epiphany – 1: January 6 observed as a church festival in commemoration of the coming of the Magi to Jesus in Bethlehem; 2: a sudden striking understanding of something
My friend, Antionette, and her family have a wonderful tradition of celebrating the day of Epiphany. Every Jan. 6 they welcome friends and family into their home to share a meal and to make a wish for the New Year by taking a branch from their Christmas tree and placing it into the fireplace and letting the wish rise up to the Heavens in the smoke.
A number of years ago my family and I were invited to this event for the first time. I always wondered about the history behind it, but never asked because Antionette’s family is a melting pot of culture and I figured it was a tradition that had its roots in one of the many countries she has affiliations with: her father is Portuguese, her Mother is English, she was born in Hong Kong and grew up in California, her husband is from Italy, and her Mother in Law is English.
This past Thursday was the big day and I finally learned a little bit more about the story behind my friend’s celebration. First, there is no ‘official’ or ‘cultural’ tradition of burning a branch of your Christmas tree while making a New Years wish. That tradition was started by Antionette’s Grandparents in Hong Kong one Epiphany night many years ago. Not knowing what to do with their Christmas tree, they burned it and made wishes with their friends for the New Year. Since then the tradition has evolved into burning branches from their tree. (Side note – it is a wonderful way to not let a perfectly good tree go to waste in a landfill). Second, as any good party has – it’s all about the food. Antionette spends hours (and I mean HOURS) creating a traditional English feast of Cornish pasties, bangers, mashed potatoes, etc… This menu is an important part of the whole evening because it honors her English heritage, and my oldest son is especially happy because Antionette makes enough for everyone to take a plate home with them to enjoy again later. Last, before everyone has their moment to place their branch into the fire, a speech is said commemorating the previous year and acknowledging the hope for the next. Antionette’s speech this year was a beautiful tribute to the meaning of the night ~ to be both reflective and prospective.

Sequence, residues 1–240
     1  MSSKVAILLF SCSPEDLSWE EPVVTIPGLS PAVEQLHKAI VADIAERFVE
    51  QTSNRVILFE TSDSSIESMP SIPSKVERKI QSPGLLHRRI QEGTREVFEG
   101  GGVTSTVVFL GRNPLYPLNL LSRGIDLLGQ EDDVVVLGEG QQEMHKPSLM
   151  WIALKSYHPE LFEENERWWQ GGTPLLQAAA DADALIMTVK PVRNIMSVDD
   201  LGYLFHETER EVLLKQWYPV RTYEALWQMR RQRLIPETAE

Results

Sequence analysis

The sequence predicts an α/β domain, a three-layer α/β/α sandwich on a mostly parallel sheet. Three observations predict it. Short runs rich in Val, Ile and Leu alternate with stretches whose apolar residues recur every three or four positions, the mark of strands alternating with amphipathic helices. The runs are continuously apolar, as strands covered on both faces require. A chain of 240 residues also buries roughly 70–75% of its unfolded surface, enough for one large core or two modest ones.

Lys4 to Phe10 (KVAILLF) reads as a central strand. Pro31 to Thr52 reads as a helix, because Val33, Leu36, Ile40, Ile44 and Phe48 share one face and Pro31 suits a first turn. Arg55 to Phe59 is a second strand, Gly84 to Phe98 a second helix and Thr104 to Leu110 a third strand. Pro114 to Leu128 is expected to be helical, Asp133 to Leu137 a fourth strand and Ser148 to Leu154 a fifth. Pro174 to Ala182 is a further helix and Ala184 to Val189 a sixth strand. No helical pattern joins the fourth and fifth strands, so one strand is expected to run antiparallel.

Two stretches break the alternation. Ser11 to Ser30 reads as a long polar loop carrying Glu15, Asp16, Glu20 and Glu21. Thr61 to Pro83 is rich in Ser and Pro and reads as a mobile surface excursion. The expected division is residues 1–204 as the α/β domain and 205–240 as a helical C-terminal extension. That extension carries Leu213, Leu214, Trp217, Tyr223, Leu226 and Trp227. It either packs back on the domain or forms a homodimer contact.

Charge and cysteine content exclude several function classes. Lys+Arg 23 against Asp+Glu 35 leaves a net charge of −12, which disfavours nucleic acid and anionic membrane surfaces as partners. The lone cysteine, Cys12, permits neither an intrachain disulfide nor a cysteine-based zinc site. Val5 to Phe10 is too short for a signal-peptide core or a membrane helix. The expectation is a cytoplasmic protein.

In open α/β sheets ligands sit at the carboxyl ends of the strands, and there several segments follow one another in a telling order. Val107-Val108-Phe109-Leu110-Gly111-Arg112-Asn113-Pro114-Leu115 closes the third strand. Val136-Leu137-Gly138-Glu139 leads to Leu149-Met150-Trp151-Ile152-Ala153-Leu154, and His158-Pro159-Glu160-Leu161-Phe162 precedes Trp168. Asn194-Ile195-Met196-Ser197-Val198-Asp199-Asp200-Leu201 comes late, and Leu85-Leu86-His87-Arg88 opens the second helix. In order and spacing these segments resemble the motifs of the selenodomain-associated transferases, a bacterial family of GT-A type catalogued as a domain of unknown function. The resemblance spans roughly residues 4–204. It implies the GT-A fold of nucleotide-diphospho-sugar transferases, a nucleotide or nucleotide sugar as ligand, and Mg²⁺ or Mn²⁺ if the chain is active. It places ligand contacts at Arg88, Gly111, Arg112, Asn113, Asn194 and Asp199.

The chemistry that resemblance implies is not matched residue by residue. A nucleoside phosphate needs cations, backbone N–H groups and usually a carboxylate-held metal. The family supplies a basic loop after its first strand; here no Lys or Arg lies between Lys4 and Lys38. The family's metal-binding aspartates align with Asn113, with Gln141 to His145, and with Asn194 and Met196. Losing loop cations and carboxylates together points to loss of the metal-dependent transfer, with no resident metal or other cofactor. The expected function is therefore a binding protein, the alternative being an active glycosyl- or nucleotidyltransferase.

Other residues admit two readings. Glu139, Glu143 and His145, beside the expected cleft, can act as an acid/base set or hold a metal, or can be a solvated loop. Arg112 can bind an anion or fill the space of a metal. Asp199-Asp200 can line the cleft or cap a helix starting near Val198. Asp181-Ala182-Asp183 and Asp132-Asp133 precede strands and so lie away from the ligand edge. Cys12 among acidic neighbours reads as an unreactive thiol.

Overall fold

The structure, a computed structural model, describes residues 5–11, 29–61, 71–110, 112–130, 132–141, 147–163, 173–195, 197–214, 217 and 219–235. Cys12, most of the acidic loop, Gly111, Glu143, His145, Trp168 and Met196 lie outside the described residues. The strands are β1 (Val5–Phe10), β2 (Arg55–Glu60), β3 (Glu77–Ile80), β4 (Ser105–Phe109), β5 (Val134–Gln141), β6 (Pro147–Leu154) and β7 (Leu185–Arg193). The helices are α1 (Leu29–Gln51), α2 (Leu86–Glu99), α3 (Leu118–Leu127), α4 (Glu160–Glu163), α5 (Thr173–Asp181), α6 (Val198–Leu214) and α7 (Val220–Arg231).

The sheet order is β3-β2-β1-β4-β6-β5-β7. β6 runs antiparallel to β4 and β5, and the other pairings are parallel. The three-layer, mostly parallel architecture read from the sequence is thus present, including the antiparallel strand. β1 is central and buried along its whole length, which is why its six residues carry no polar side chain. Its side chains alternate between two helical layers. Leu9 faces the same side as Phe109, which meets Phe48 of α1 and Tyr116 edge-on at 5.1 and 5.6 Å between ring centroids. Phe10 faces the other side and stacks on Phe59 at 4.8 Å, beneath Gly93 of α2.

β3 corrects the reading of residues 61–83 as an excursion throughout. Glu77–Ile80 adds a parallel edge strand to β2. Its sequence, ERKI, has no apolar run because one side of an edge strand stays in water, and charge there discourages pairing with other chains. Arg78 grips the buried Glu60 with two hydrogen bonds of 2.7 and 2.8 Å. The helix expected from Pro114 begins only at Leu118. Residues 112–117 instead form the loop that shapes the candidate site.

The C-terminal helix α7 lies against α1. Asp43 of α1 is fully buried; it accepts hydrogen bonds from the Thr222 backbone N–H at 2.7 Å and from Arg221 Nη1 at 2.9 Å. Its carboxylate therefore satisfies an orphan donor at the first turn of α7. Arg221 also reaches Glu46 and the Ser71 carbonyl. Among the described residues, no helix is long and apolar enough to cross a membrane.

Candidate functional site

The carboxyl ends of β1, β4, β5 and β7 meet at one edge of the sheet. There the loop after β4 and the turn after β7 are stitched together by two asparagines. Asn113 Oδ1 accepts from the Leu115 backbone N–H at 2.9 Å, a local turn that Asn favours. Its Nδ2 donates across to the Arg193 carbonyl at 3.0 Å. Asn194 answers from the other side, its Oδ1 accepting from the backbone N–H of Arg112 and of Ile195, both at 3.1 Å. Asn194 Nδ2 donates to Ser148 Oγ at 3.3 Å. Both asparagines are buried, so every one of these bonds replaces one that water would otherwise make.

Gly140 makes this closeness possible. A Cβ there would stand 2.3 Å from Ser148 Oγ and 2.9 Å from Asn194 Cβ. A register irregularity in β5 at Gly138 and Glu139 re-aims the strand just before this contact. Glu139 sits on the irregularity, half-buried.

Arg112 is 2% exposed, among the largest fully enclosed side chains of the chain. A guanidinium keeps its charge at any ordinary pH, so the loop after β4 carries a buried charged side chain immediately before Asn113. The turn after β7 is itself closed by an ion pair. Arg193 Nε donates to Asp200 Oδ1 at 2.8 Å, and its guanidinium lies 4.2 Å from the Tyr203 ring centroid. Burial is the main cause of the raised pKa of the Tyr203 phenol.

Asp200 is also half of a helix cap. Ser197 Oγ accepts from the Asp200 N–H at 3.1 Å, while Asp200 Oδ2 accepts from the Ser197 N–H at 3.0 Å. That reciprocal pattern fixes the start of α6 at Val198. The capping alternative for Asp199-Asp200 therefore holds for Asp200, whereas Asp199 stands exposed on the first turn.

As I watched my boys place their branches into the fire, and as I put my own in, I thought about our lives and my own ‘Epiphany wish’ for 2011. I reflected on both the incredible highs and incredible lows of 2010, and I realized the exciting prospects ahead for 2011 – both personally and professionally. The definition for the word Epiphany has two parts, the second part being: “a sudden striking understanding of something”. That something for me is the change and growth I am looking forward to in the New Year for both my family and my business. Epiphany is not only a day of celebration, but a clarification and realization to what needs to be done in the future. I am vowing to have a new tradition of making Epiphany wishes on New Years instead of resolutions. Epiphany is about hope, promise, and clarity, what more could you want for the future?! What is your Epiphany wish?